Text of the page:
Biala (1903-2000) The Bull, 1956, Oil on canvas, 43 x 54 ¾ in. (109.2 x 139.1 cm) Collection of the Estate of Janice Biala, New York

Post-War Women
curated by Will Corwin

November 2–December 1, 2019

Art Students League: The Phyllis Harriman Mason Gallery
215 W 57th Street

In New York, Post-War Women is The Art Students League’s first exhibition to explore the vital contributions of alumnae on the international stage. On view at The Phyllis Harriman Mason Gallery from November 2 to December 1, 2019, Post-War Women challenges the misperception that great art produced by women artists is somehow an exception rather than the rule.

Curator Will Corwin investigates the history of innovative art academies like The League that promoted democratic ideologies, which in turn created artistic opportunities for women of all social classes. This ground-breaking exhibition features over forty artists active between 1945-65, tracing the complex networks these professional women formed to support one another and their newfound access to art education.

Post-War Women presents work by some of the prominent artists of the 20th Century like Louise Bourgeois and Helen Frankenthaler, but more importantly it calls out the women who were not credited enough: Mavis Pusey, Kazuko Miyamoto, Olga Albizu and Helena Vieira da Silva – challenging a new generation of visitors and art students to KNOW YOUR FOREMOTHERS.

Featured Artists:

Mary Abbott

Berenice Abbott

Olga Albizu

Janice Biala

Isabel Bishop

Nell Blaine

Regina Bogat

Louise Bourgeois

Vivian Browne

Elizabeth Catlett

Elaine De Kooning

Dorothy Dehner

Monir Farmanfarmaian

Helen Frankenthaler

Perle Fine

Judith Godwin

Terry Haass

Grace Hartigan

Carmen Herrera

Eva Hesse

Faith Hubley

Lenore Jaffee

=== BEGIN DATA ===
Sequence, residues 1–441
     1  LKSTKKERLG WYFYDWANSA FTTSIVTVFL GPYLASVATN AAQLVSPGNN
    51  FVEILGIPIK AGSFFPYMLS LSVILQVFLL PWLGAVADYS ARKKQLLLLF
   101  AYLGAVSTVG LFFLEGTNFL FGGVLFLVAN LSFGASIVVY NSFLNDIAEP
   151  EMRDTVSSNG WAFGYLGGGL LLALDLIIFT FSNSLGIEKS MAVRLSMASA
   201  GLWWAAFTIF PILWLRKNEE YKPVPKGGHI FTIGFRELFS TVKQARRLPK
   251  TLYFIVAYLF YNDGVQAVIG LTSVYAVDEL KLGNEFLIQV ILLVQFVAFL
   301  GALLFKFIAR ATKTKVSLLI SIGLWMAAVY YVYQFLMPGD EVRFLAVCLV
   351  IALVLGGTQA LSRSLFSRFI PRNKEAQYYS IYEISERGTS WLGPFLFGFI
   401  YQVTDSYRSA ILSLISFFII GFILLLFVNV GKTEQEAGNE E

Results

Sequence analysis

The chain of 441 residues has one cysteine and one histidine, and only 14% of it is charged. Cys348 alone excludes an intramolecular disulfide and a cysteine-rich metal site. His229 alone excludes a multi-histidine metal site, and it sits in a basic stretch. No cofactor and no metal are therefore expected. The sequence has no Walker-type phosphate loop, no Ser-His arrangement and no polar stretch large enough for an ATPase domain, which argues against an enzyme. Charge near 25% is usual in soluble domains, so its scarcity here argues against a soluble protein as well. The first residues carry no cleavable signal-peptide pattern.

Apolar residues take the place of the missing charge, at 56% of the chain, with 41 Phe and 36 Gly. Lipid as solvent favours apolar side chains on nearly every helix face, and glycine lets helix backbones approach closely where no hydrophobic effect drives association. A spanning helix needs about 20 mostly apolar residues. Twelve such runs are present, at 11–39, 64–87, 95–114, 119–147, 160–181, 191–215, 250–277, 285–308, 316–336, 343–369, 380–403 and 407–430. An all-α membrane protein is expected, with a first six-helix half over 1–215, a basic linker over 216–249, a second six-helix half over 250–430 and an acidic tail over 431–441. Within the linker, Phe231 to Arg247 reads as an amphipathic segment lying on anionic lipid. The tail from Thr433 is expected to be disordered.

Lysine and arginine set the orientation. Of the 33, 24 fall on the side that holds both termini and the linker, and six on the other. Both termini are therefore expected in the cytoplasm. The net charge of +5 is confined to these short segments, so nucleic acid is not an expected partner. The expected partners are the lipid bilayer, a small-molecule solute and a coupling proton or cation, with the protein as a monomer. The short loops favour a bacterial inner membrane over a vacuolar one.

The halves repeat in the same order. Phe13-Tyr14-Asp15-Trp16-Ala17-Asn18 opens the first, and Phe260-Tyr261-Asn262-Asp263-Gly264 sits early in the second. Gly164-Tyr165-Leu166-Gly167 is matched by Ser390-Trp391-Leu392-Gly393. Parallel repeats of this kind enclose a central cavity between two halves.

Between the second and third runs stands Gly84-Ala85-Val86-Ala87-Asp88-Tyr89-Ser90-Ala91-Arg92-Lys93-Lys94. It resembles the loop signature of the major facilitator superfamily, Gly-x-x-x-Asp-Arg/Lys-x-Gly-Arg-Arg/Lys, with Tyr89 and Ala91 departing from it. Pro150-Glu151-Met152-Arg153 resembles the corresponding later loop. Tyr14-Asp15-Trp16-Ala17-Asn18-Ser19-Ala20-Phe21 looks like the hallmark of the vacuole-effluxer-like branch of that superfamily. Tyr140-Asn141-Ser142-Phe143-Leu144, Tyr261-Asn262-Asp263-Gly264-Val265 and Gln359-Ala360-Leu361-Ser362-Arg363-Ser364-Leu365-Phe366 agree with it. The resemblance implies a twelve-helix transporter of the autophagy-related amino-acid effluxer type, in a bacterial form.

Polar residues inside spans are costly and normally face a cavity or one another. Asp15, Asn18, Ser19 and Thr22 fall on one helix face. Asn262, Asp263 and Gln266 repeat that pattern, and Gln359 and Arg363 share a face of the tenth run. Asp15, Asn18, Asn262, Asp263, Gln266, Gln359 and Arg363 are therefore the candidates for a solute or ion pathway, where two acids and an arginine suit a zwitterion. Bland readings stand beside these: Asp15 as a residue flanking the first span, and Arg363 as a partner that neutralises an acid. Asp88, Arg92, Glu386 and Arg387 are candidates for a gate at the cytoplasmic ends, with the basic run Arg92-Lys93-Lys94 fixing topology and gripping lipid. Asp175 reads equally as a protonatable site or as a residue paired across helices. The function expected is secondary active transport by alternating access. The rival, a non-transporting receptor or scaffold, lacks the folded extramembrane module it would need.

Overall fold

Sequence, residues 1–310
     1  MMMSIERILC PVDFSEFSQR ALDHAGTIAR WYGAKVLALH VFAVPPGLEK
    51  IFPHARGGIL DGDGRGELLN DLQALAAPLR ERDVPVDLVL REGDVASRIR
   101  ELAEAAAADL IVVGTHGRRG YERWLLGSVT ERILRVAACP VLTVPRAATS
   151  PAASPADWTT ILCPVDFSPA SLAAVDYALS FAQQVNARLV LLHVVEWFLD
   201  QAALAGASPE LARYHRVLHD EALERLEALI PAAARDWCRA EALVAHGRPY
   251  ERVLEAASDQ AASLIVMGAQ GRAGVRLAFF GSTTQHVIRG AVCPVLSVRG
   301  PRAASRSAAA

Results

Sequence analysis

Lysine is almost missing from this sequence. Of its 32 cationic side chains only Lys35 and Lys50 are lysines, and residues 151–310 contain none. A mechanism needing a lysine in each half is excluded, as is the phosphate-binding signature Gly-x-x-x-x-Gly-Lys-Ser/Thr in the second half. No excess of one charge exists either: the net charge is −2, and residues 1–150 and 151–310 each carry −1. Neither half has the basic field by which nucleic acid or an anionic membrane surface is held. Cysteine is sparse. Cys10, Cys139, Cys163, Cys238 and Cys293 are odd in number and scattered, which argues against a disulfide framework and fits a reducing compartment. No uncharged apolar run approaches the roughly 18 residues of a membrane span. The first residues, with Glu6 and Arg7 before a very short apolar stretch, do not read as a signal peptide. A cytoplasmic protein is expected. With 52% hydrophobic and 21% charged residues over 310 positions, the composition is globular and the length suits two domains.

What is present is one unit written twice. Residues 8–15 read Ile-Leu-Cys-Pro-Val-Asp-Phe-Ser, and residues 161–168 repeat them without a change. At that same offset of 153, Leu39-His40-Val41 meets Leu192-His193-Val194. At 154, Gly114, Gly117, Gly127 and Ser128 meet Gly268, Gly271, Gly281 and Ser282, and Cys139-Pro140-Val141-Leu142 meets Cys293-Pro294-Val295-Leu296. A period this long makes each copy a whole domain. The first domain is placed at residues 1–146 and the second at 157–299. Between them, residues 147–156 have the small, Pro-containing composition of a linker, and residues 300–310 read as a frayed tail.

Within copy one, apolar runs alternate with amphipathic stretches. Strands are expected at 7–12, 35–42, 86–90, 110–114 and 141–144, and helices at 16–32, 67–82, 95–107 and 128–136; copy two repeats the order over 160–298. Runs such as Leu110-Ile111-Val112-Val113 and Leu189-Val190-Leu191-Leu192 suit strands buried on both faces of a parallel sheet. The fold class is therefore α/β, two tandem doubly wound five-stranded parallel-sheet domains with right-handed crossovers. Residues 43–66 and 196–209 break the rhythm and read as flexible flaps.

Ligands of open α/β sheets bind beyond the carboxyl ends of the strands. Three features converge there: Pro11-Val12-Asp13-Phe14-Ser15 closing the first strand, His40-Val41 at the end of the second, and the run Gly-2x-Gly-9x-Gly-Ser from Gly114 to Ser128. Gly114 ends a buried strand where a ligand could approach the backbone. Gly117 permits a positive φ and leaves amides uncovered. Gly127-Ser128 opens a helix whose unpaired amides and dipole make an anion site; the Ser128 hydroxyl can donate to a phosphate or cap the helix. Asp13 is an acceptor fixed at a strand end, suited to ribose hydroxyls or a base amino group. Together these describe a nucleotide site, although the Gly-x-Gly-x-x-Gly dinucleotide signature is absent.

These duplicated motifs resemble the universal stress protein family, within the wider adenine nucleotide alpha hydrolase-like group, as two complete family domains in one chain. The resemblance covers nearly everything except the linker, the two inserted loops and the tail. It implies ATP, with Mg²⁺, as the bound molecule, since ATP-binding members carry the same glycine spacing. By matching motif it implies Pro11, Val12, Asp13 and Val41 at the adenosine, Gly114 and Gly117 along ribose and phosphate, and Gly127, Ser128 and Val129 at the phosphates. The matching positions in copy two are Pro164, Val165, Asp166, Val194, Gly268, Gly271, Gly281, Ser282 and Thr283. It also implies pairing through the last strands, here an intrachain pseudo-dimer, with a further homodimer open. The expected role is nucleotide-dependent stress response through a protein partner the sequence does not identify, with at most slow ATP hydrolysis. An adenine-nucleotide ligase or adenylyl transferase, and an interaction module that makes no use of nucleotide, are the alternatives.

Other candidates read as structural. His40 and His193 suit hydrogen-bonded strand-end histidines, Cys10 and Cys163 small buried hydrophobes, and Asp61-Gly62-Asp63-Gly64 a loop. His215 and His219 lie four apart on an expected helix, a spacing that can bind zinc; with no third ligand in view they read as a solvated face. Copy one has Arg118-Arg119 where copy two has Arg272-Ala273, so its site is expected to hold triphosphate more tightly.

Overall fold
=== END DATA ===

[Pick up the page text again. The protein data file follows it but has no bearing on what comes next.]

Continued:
Gwendolyn Knight

Lee Krasner

Blanche Lazzell

Marguerite Louppe

Lenita Manry


Mercedes Matter

Kazuko Miyamoto

Louise Nevelson

Charlotte Park

Joyce Pensato

Irene Rice Pereira

Mavis Pusey

Faith Ringgold

Edith Schloss

May Stevens

Yvonne Thomas

Maria Viera da Silva

Lynn Umlauf

Merrill Wagner

Joyce Weinstein

Michael West

Lecture: Biala: The Woman Painter Among Men

^ Photo: Rudy Burckhardt, 1956

Biala: The Woman Painter Among Men
a special evening with curator Jason Andrew

Thurs, Jan 11, 6:30pm

RSVP (seating is limited)

Art Students League
215 West 57th Street

Painter Janice Biala (1903-2000), known to history primarily by her surname, was an integral figure in the art scene of mid-twentieth century Manhattan. Sister of painter Jack Tworkov, friend of Willem de Kooning and critic Harold Rosenberg, Biala was in the thick of a milieu that gave rise to the New York School. But before all that, she was the lover of the English novelist Ford Madox Ford.

Curator Jason Andrew will trace the remarkable life and art of Biala from her early days of hitch-hiking to Provincetown in the ‘20s, to jumping on a boat to Paris and later her dramatic escape from Nazi occupied France in the ‘30s, to her early support of Willem de Kooning and participation in the New York School in the ’40s. Above all, she left a history of painting noted for its sublime assimilation of the School of Paris and the New York School of abstract expressionism.

This lecture coincides with the exhibition Biala and the Harvey and Phyllis Lichtenstein Collection, on view through February 10 at Tibor de Nagy Gallery, 15 Rivington Street, New York